Saturday, 3 September 2011

The Visigoths and 6th/7th Century Anglo-Saxons

This weekend we went to the Anglo-Saxon reconstructed village of West Stow. Here they were having a display of early 6 and 7th century Anglo-Saxons and Visigoths. As you know my husband likes to play Viking but his period is from the 10th and 11th century so we decided to go and investigate the earlier period of English history. There were many similarities but also many differences. As usual I have lots of pictures:)!



These are reconstructed Anglo-Saxon wooden homes/village.
















Meal prep happening inside and outside the buildings








Cooking over an open fire inside the wooden buildings








Sitting arrangement in the main hall of the Lord, with his battle gear. The period this group was portraying was during the time when the Anglo-Saxons were changing from pagan beliefs to Christianity.









What a bed may have looked like. Lots of animal skins!








My daughter loved the twig broom...wonder if this will transfer to chores at home:)










The weaving house and loom





















6 or 7th century Anglo-Saxon warrior. Very different from the time period of my husband's group. Due to the nature of their culture, there were a lot more decorations on the helmet and shields. Sometimes the motifs used many items familiar from pagan culture--sort of "hedging your bets." The thing I noticed the most is how much more decorative things were in this period; in this time, showing off "bling" was a way of demonstrating to others that you were a rich and powerful warlord who could lead people to riches and heroic deeds. Whereas in the 10 and 11th Century (my husband's period) things were less decorative and more mass produced for military usefulness.




Making leather shoes











I hadn't seen this before vellum candle holders, made of wood and leather.











Decorative horns. Look at the details!!!








AHH!!! This is something I have done to help my husband sew rawhide to the outside of his shield. Trust me when I say this is not a fun task!










Interesting to note that the men's clothing from this period and my husbands did not change to much other than moving from pagan to christian beliefs. But there was a great deal of difference in women's clothing and jewelry. Here the women are working on sewing and embroidery tasks.



Farm worker











A Saxon warrior hedging his bets, as his shield has the cross and the boar. The leader of the group explained that this person portrays a character who is the son of the King who converted the Anglo-Saxons to Christianity, so he is a Christian who pays homage to his grandfather's gods. It was not unusual in this period for people to show both Christian and pagan symbols.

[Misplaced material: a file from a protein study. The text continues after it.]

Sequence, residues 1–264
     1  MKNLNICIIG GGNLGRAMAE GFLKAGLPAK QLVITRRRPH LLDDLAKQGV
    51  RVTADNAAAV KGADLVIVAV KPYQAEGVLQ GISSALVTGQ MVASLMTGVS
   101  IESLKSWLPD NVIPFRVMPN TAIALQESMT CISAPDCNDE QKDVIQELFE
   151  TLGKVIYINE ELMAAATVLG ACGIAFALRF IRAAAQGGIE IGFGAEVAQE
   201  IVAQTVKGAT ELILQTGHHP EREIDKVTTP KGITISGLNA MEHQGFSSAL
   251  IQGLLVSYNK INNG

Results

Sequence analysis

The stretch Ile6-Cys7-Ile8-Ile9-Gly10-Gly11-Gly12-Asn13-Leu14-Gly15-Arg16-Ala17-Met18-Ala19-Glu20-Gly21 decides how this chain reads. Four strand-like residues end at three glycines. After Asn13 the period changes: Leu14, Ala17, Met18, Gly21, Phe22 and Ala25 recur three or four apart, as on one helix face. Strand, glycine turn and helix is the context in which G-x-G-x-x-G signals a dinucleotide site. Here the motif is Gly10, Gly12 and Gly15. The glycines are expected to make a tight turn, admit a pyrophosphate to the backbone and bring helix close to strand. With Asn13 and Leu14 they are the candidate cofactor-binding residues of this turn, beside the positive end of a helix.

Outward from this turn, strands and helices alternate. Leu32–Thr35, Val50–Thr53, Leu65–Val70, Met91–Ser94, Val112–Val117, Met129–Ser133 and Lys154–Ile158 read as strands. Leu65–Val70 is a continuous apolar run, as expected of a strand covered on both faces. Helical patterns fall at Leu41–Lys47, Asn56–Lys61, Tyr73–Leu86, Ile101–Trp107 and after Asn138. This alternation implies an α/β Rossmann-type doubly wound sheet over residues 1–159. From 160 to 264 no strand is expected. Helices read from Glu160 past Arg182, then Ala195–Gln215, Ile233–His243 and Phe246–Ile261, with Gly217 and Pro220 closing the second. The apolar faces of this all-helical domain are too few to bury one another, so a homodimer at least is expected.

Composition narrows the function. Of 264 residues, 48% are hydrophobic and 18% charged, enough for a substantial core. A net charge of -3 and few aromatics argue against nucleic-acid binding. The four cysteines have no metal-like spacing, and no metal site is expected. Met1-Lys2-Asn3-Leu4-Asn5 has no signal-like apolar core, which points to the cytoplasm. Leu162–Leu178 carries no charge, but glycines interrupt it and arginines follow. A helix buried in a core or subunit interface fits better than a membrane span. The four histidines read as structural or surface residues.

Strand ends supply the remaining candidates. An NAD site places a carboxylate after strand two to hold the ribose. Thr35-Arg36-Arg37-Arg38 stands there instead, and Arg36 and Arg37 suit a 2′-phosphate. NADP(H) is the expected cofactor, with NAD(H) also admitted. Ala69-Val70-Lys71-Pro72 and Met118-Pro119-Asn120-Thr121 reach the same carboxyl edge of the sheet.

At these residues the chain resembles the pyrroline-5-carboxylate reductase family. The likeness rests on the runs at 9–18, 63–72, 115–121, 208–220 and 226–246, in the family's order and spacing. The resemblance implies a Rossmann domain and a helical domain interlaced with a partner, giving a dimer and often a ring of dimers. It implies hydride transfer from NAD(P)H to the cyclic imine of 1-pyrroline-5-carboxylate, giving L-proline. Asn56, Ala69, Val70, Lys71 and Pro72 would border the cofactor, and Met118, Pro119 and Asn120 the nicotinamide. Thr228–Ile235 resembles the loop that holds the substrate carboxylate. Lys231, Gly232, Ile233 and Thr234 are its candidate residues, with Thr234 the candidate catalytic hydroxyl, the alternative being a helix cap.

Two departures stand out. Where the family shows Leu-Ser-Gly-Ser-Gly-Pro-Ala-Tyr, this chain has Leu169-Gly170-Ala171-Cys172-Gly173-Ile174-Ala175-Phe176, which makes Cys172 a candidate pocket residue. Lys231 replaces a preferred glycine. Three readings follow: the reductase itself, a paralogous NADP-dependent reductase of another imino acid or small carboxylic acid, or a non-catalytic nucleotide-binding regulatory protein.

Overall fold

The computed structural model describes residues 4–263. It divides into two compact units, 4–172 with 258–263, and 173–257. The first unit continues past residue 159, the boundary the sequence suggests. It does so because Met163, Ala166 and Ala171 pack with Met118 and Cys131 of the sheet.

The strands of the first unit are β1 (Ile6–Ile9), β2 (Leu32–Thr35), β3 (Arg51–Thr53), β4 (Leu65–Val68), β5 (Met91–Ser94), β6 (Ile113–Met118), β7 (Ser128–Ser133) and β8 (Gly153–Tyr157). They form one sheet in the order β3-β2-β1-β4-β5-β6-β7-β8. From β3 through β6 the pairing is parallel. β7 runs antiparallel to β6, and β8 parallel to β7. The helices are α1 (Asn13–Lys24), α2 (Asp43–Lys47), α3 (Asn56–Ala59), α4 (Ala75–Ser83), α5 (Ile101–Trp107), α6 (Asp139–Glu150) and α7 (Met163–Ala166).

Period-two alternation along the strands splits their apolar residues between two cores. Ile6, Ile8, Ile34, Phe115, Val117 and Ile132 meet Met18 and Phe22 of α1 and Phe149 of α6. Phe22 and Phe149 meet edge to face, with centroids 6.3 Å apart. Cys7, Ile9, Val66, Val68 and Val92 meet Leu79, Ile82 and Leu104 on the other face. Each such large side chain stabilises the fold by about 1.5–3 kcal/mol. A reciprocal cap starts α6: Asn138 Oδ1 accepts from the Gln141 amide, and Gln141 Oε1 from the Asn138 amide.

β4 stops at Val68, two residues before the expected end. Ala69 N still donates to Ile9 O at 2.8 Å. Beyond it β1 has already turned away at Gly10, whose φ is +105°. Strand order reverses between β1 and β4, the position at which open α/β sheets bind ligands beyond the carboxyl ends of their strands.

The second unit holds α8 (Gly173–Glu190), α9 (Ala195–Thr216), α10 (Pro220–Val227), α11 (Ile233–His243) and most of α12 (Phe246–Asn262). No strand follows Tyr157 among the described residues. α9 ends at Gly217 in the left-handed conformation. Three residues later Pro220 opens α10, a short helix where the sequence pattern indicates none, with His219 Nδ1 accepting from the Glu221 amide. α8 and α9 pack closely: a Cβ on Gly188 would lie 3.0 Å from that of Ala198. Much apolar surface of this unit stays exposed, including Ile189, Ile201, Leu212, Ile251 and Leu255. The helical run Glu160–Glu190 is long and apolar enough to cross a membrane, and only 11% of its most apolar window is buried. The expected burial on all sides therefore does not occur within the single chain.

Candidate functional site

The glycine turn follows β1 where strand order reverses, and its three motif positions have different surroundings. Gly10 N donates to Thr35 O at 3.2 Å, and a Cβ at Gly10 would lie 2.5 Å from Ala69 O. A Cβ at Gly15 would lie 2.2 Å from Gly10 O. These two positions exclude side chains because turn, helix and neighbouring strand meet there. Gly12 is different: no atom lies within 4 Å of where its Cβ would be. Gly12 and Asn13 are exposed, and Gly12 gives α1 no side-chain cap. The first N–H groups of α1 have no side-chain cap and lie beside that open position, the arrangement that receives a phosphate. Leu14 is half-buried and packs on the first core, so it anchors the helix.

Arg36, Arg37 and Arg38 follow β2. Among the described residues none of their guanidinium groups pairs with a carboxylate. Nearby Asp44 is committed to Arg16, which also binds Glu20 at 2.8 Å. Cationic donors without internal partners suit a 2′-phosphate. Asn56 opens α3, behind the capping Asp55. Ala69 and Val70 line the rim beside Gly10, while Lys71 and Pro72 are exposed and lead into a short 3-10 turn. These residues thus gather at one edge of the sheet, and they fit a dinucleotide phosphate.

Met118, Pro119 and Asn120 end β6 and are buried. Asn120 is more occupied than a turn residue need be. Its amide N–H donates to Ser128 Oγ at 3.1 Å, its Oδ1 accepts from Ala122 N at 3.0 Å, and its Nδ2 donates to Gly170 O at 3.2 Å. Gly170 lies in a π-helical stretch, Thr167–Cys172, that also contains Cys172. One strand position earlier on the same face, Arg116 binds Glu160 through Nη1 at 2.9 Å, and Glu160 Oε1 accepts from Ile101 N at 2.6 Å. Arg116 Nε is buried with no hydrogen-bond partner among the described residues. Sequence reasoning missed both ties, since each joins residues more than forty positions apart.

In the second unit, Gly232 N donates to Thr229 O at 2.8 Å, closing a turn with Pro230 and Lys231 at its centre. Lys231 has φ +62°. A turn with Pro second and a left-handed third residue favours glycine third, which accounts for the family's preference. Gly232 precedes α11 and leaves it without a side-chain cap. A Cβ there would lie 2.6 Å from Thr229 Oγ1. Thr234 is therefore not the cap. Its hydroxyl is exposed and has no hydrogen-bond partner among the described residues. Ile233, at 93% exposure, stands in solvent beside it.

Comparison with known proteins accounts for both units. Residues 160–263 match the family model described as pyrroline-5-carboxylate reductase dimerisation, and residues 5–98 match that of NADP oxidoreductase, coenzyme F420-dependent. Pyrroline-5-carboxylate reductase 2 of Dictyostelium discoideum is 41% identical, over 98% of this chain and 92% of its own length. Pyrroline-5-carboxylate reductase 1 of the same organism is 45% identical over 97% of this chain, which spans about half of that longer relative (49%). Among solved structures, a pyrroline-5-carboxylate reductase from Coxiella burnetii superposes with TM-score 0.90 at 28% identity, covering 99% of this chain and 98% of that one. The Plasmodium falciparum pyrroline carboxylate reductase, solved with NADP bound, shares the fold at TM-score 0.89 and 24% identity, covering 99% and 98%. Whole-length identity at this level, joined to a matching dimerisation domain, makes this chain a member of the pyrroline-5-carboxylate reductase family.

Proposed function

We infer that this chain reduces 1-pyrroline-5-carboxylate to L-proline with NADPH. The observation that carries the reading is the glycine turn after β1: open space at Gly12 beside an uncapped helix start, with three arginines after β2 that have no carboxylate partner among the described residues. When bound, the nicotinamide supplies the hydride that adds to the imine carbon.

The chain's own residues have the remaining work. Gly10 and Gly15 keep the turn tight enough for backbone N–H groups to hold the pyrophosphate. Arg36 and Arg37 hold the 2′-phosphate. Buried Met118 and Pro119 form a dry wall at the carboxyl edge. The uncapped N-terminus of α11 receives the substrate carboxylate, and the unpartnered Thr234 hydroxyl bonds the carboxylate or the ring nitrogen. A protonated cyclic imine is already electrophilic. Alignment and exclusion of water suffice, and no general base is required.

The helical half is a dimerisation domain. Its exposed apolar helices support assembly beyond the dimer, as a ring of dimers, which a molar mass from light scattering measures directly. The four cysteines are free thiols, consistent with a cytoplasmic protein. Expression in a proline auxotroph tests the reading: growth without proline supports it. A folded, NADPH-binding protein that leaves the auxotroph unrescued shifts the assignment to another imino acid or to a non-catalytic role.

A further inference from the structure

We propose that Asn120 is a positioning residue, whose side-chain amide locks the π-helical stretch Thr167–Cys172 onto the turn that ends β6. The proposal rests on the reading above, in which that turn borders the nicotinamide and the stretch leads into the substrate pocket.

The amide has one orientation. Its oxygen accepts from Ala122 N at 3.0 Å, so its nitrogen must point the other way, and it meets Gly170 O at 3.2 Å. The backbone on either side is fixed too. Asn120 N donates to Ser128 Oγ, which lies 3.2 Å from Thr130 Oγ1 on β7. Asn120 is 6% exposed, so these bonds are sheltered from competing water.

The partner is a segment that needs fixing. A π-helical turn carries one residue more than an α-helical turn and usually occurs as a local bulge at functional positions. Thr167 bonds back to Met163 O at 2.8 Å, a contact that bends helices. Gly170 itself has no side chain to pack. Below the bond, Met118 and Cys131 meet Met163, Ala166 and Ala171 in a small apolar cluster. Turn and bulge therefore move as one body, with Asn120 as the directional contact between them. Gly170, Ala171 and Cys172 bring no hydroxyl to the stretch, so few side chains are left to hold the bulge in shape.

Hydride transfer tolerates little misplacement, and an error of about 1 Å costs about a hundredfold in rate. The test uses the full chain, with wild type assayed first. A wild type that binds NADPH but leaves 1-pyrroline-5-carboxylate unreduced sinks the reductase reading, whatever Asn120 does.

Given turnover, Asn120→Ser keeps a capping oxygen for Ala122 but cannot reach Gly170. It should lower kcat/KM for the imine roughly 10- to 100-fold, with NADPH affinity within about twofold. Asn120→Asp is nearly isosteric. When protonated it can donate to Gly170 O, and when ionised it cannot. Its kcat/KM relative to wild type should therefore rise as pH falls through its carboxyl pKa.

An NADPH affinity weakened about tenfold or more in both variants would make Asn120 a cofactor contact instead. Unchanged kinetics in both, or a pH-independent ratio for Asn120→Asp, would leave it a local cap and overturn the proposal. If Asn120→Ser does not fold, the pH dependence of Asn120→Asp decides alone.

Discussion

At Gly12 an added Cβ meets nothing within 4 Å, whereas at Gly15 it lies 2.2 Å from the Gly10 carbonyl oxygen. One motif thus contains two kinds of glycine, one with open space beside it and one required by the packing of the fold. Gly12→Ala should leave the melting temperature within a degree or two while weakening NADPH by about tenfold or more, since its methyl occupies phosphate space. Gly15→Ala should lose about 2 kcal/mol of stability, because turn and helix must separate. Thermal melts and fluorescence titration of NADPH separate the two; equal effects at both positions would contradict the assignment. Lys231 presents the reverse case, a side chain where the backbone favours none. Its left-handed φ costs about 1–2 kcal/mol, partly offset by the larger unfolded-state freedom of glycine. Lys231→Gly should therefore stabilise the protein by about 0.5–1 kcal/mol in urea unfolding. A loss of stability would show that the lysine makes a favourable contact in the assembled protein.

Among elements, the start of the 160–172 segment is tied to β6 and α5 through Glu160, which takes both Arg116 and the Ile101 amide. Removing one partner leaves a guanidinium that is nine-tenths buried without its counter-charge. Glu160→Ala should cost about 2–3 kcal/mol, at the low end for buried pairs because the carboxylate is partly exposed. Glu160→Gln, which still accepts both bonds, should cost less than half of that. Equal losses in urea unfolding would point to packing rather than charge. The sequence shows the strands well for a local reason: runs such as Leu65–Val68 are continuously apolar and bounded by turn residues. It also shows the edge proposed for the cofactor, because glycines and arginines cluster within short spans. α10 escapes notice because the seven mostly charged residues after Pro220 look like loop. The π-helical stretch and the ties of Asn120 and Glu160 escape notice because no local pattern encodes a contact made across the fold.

This group of Visigoths are reenactors who came to England all the way from Spain. The Visigoths were a northern European Germanic peoples who came to Spain during the time known as "the Migration Period". They controlled Spain until the Moorish invasions, which began in the year 711. Notice since this is earlier period and Spain had been firmly within the Roman Empire, their clothing still has many Roman-like features.

The man in the orange has a wooden scabbard to carry his sword. The other things I noticed is many of the Visigoths had horse hair coming from their helmets.






The battle between Saxons and the Visigoths.







How would you like to be a farmer going up against a Saxon warrior with your only weapon being a wooden pitch fork. I don't like the odds!!






Audience participation, a little boy against a shield wall. Looks like he won!!!!















10 comments:

  1. What a fun and interesting field trip!
    I enjoyed the tour of the village!

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  2. Once again, you have proved that your family goes on the best field trips of all time! Thank you for sharing.
    P.S. My Husby is SO jealous!
    P.P.S. And so am I!

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  3. So cool! My kids would have loved this. Visiting from the crew.

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  4. I love historical field trips like that! what fun! Thanks for linking up!

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  5. What an interesting place! Looks like a great field trip.

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  6. Ooooh! My son would have loved to see all of that!

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  7. You do go on some of the best field trips! This looks extremely fun!

    My Dad collects blow horns and powder horns. He has many carved horns and ink horns like the ones you showed. Aren't they beautiful? Amazing talent!

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  8. West Stow is an awesome site. We went there last year. Looks like you've seen a very good reenactment!

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  9. Wonderful pics of a wonderful site. I'm putting it on my "places I'd love to visit" list. :)

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